IntelBrief: The Paucity of ‘Peace to Prosperity’
June 26, 2019

The Paucity of ‘Peace to Prosperity’

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Bottom Line Up Front

• Under the leadership of Jared Kushner, the administration is attempting to cobble together a peace agreement between Israelis and Palestinians.

• The proposal has been harshly criticized by analysts and politicians alike, who note that Washington lacks credibility in the region and can hardly be viewed as an honest broker given the Trump administration’s policies.  

• Kushner has squandered a vast amount of political capital attempting to advance American interests in the Middle East, with little or nothing to show for it. 

• Few Arab states attending the conference have expectations of even modest success, much less that it will lead to a serious or prolonged peace initiative.

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Under the leadership of President Trump’s son-in-law and foreign policy neophyte Jared Kushner, the administration is attempting to cobble together an approach to forging a peace agreement between Israelis and Palestinians. But to anyone paying close attention, the so-called Peace to Prosperity conference, a two-day event being held in Manama, Bahrain, appears to be a waste of time. The two parties that should be most invested—the Palestinians and the Israelis—have shown little interest to date. It is also impossible at this point for the U.S. to be considered an honest broker in any negotiated peace settlement, not only because of the Trump administration’s cozy relationship with Israeli Prime Minister Benjamin Netanyahu, but also because of Washington’s decision to move its embassy from Tel Aviv to Jerusalem, which officially opened in May. The administration has also defunded the United Nations Relief and Works Agency that provides support to displaced Palestinians.

The Manama conference will primarily focus on economics, not politics, and serve as a venue to help raise the profile of the Trump administration’s peace ‘efforts’—and outline of which has remained ‘secret’ and unlikely to be released until at least the fall. The economic proposals have forecast approximately $50 billion in investment, which includes a boost to tourism and infrastructure projects in the Palestinian territories, Egypt, Jordan, and Lebanon. (It is worth noting that none of this funding has actually been allocated yet.) There has also been talk surrounding the development of a transit corridor that would connect the West Bank and the Gaza Strip, something that would likely encounter significant political resistance in Israel.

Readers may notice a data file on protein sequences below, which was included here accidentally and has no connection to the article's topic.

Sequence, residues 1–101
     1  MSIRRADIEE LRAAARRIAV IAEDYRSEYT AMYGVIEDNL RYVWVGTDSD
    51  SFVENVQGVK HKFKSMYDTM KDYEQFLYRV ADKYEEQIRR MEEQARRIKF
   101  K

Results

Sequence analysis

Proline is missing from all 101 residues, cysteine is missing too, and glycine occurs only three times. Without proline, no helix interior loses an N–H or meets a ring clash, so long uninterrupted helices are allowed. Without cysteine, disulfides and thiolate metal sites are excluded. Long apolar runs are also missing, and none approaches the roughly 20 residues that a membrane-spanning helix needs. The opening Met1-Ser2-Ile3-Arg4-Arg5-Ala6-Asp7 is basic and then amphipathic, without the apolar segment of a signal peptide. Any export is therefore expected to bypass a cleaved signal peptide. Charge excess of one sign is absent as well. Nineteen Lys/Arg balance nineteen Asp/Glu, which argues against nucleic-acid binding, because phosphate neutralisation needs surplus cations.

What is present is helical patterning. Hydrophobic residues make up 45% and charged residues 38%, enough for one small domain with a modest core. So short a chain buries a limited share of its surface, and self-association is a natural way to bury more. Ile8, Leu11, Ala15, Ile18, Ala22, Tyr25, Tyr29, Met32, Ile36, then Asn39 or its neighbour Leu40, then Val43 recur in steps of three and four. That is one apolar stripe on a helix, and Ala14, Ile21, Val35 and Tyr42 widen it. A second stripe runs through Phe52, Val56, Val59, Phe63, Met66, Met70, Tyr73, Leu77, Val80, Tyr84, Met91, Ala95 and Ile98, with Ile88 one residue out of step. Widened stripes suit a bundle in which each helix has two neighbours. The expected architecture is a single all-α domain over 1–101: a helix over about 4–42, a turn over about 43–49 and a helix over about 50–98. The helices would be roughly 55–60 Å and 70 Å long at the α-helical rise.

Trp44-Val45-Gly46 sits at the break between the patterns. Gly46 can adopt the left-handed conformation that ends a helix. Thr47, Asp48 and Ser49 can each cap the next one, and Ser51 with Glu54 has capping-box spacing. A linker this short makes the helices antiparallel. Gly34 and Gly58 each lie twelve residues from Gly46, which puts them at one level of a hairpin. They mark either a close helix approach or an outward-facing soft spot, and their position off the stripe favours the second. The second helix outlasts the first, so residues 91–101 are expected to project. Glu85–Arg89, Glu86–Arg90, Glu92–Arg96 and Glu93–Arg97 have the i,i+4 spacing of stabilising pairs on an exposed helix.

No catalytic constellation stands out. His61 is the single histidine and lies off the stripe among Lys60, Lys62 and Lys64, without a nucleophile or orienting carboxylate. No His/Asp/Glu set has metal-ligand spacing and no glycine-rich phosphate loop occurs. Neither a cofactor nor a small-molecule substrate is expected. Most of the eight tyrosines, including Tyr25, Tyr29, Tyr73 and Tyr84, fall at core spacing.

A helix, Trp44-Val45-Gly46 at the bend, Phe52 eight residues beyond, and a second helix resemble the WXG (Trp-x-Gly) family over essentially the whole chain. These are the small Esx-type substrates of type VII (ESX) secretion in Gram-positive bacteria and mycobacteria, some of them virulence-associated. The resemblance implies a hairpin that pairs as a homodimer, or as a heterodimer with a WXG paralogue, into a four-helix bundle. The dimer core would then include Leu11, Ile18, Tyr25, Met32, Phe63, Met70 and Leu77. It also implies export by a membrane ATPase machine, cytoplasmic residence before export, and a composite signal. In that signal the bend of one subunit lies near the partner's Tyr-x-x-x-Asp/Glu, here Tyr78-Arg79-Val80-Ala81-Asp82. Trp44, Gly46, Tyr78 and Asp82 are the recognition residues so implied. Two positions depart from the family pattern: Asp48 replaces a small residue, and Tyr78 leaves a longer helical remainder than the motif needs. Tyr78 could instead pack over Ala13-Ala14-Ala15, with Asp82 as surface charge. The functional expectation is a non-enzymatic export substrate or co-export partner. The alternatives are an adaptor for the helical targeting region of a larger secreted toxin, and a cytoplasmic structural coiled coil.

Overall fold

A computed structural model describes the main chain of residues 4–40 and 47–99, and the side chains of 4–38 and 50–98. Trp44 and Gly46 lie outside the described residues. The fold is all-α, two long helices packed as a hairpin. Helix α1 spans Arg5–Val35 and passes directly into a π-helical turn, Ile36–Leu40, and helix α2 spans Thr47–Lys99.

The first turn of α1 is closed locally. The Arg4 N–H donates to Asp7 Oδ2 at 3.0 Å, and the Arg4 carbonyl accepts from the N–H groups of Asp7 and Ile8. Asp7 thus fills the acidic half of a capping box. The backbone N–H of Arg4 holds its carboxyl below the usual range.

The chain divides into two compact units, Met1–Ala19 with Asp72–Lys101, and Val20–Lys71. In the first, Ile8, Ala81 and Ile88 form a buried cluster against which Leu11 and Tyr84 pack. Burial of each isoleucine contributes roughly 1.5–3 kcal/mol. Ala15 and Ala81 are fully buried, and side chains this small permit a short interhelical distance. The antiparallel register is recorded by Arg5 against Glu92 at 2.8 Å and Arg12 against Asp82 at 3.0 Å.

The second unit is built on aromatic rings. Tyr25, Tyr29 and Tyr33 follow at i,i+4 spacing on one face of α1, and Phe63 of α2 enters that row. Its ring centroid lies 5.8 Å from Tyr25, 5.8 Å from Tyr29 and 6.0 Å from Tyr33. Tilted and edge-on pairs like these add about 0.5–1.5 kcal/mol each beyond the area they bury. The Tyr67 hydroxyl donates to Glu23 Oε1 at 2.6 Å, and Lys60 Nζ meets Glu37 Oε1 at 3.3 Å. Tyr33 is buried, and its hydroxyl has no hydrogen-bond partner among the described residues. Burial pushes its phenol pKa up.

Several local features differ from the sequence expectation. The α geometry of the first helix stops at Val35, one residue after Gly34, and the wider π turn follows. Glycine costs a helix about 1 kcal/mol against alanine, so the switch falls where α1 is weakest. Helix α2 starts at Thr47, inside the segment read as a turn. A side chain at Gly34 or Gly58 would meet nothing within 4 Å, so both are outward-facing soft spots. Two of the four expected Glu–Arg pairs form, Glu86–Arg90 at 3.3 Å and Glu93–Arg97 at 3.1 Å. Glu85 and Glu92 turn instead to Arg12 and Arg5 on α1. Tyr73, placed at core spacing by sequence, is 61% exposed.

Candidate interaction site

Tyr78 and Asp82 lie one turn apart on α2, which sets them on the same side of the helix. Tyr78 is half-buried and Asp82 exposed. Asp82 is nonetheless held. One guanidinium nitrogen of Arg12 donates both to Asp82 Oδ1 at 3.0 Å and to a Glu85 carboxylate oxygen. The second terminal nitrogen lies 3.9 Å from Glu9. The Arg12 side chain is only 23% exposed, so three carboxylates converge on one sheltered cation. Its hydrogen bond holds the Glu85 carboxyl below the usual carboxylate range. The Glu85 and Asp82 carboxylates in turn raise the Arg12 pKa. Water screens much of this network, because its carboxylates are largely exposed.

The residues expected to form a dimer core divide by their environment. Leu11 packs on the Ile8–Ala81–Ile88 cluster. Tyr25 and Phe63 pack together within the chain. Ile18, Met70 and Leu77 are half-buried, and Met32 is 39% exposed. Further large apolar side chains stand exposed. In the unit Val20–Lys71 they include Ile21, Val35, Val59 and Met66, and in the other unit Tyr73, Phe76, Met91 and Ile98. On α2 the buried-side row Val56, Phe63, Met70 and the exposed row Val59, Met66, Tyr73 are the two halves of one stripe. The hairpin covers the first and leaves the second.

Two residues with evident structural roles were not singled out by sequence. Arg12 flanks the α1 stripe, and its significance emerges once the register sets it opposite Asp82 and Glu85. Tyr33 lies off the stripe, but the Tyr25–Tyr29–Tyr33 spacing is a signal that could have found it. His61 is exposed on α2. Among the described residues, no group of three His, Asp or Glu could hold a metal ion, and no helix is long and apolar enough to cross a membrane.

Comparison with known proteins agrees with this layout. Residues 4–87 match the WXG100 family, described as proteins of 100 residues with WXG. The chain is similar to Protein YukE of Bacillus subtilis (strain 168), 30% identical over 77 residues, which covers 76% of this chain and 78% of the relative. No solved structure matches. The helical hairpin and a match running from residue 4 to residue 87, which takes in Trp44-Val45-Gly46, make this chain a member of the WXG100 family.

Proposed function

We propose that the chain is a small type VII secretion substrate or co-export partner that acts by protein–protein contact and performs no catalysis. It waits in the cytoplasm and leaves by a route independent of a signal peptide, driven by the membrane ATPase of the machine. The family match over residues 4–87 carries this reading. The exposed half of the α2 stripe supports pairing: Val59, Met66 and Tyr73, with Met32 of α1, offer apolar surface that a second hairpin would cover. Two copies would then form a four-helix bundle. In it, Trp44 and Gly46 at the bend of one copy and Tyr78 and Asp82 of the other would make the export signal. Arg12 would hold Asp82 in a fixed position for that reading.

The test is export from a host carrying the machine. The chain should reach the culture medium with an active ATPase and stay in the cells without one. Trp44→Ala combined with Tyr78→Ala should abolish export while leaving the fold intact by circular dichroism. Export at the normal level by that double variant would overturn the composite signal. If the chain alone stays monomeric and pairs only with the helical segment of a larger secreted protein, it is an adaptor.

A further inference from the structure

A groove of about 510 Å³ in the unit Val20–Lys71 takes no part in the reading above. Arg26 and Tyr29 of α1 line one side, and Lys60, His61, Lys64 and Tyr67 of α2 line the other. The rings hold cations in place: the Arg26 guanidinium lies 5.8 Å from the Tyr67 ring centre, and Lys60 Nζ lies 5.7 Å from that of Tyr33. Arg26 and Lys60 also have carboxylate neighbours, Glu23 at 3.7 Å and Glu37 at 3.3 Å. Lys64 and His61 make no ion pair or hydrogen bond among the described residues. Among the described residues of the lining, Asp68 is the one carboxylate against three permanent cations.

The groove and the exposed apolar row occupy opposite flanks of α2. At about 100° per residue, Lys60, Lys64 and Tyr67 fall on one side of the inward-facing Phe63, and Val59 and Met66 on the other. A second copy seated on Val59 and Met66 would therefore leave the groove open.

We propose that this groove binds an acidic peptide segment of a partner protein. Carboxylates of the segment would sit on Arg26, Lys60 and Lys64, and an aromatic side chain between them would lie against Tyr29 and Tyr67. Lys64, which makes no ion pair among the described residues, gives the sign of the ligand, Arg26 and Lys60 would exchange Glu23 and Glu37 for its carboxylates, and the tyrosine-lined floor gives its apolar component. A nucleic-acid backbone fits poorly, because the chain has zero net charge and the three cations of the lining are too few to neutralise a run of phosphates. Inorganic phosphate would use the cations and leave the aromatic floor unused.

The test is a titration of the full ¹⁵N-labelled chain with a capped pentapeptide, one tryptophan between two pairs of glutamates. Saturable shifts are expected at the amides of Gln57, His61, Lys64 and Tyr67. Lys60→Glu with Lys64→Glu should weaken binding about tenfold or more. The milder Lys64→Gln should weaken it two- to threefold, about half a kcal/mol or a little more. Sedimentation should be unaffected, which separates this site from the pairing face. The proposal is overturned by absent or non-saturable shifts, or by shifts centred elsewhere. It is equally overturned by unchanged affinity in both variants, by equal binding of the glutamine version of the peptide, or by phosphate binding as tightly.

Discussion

The timing of the conference is also interesting, taking place against the backdrop of U.S. Secretary of State Mike Pompeo’s trips to Riyadh and Abu Dhabi, where he is attempting to shore up support for Washington’s escalating confrontation with Iran. The Trump administration may be hoping for some kind of quid pro quo with the Saudis, highlighting America’s willingness to confront Iran, Saudi Arabia’s primary rival, while asking for Riyadh’s support in pushing forward a peace deal amenable to the Palestinians. So far, Kushner has squandered a vast amount of political capital attempting to advance American interests in the Middle East, with little or nothing to show for it in terms of tangible results. 

Worse, comments coming from the Trump administration in the lead-up to Manama have already served to undermine the tenets of the conference. In early June, U.S. ambassador to Israel David Friedman noted that ‘under certain circumstances…Israel has the right to retain some, but unlikely all, of the West Bank.’ This serves to reinforce to the Palestinians that whenever the administration’s plan is finally unveiled, it will favor Israel at the Palestinians’ expense. Few Arab states attending the conference in Bahrain have expectations of even modest success, much less the confidence that it will lead to a serious or prolonged peace initiative resembling anything close to a sustainable agreement. The proposed deal also places critical American allies like Jordan in an awkward position, desperate not to alienate itself from the U.S. and Saudi Arabia, but also wary of the domestic backlash if Amman agrees to support what is clearly a bad deal for the Palestinians. 

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